“I made it a rule,” said Franklin, “to forbear all direct contradiction to the sentiment of others, and all positive assertion of my own, I even forbade myself the use of every word or expression in the language that imported a fix’d opinion, such as ‘certainly,’ ‘undoubtedly,’ etc., and I adopted, instead of them, ‘I conceive,’ ‘I apprehend, ‘ or ‘I imagine’ a thing to be so or so, or ‘it so appears to me at present.’ When another asserted something that I thought an error, I deny’d myself the pleasure of contradicting him abruptly, and of showing immediately some absurdity in his proposition: and in answering I began by observing that in certain cases or circumstances his opinion would be right, but in the present case there appear’d or seem’d tome some difference, etc. I soon found the advantage of this change in my manner; the conversations I engag’d in went on more pleasantly. The modest way in which I propos’d my opinions procur’d them a readier reception and less contradiction; I had less mortification when I was found to be in the wrong, and I more easily prevaile’d with others to give up their mistakes and join with me when I happened to be in the right. “And this mode, which I at first put on with some violence to natural inclination, became at length so easy, and so habitual to me, that perhaps for these fifty years past no one has ever heard a dogmatical expression escape me.”

I can’t say I have this licked. But for me, and for adults generally, learning and maturation happens through quiet, thoughtful reflection. The great Ben Franklin has definitely given me something to reflect on.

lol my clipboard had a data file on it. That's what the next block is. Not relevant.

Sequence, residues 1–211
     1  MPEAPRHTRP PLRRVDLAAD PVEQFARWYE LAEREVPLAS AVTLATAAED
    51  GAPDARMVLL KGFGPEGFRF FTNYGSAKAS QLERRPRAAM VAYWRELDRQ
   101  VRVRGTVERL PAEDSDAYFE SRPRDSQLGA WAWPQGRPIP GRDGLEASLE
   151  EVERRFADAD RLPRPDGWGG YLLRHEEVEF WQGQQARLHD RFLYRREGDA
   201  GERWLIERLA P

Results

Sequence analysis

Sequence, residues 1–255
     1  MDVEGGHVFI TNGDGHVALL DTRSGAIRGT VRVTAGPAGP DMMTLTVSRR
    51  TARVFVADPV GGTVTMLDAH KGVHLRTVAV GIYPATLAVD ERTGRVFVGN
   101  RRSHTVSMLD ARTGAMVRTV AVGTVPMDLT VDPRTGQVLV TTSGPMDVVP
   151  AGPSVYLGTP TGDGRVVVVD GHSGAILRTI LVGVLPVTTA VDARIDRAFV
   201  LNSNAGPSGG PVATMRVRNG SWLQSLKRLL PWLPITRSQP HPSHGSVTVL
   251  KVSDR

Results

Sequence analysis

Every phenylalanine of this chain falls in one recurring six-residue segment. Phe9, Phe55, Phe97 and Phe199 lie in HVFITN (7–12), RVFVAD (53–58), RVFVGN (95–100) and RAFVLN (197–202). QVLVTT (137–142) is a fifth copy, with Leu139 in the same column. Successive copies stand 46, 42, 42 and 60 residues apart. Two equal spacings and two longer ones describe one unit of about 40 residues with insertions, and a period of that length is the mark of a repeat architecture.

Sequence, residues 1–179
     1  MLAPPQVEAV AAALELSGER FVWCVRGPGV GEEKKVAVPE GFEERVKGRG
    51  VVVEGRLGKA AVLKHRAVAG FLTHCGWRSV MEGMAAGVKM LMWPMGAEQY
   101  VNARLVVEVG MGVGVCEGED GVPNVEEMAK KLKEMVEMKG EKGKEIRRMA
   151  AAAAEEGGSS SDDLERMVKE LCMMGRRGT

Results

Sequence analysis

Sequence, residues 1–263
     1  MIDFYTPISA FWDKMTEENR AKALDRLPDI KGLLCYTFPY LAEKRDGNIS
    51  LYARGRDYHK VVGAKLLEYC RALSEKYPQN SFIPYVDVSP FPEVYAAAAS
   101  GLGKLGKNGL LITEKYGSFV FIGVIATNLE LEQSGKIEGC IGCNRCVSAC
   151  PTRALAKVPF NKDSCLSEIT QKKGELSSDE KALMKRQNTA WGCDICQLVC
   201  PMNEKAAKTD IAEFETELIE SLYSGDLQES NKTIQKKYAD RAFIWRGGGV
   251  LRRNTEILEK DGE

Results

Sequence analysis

Systems Thinking and Brain Surgery

If you haven’t read Dr. Russ Ackoff, you should. I’ve recently become acquainted with Dr. Ackoff’s work. I was immediately drawn to him because he reminds me so much of my Dad. He, like my father, is an architect by trade. He’s also a systems thinker and a leader in his heart. He inspired this post and the examples within, and I want to share something I learned from both of them.

Think about the system, the whole, when leading change.

As leaders survey organizations in need of change, they will often take a reductionist view. They break the organization into tiny pieces and look at those pieces to find problems. When found, they set about solving local problems and optimizing each individual piece. And who could blame them! This is how we are taught to problem solve. Break it down. Focus on each piece. I can almost hear my 7th grade algebra teacher as I write this.

The problem is that long term, effective solutions to issues occurring in complex systems (ie our organizations) rarely come from fixing mere components. Awkwardly, the opposite is more likely. (optimizing a part tends to sub-optimize the whole) To make matters worse, most system issues arise in parts of the whole that are completely unrelated to the actual issue. The solution to that problem often needs to be addressed far away from where the symptom is actually occurring.

Take the “system” of the human body, and the “symptom” of a headache. When you have a headache, the issue causing the headache is rarely caused by the head. If I have a headache, I can take aspirin or drink lots of water, which typically alleviates the headache. What I don’t do is brain surgery. Why? Because it’s not the problem…the symptom of the real issue is occurring in the head, but the head is not the issue.

What is the typical response from most organizations that are experiencing the proverbial headache? You guessed it – brain surgery.

Quality is low – the code is crap…builds keeps failing. Bugs are everywhere!

In the case above, the knee jerk, “brain surgery-style” solution is…? It MUST be the developers! We need to ride those darn developers until they get it right! (or worse, we need new developers!)

This is not fiction, it is sadly typical. My suggestions for situations like this is directly related to values espoused by Lean and Systems Thinking. “Go and See”. Map the value stream and see how the work works. Look for bottlenecks, gaps, workarounds. Ask tough questions and gain some insight. Look at the entire system as a whole. Learn about your systems, the people, their process, and more importantly their pain. You might be shocked what a little understanding will yield. It might just save you the painful recovery of brain surgery.